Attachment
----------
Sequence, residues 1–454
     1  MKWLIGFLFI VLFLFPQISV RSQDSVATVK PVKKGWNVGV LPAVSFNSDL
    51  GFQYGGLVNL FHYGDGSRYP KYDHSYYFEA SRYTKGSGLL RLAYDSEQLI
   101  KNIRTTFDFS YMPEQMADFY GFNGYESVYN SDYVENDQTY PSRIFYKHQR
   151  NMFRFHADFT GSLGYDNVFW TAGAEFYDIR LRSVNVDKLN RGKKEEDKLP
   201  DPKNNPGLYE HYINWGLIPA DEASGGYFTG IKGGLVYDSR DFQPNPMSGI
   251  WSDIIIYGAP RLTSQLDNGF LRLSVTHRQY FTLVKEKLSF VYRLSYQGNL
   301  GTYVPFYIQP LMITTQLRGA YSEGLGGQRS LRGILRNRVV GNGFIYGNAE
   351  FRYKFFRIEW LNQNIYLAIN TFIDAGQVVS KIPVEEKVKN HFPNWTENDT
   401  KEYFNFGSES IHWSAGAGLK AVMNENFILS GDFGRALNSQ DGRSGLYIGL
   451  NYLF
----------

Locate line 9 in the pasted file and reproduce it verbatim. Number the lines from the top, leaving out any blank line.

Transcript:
   351  FRYKFFRIEW LNQNIYLAIN TFIDAGQVVS KIPVEEKVKN HFPNWTENDT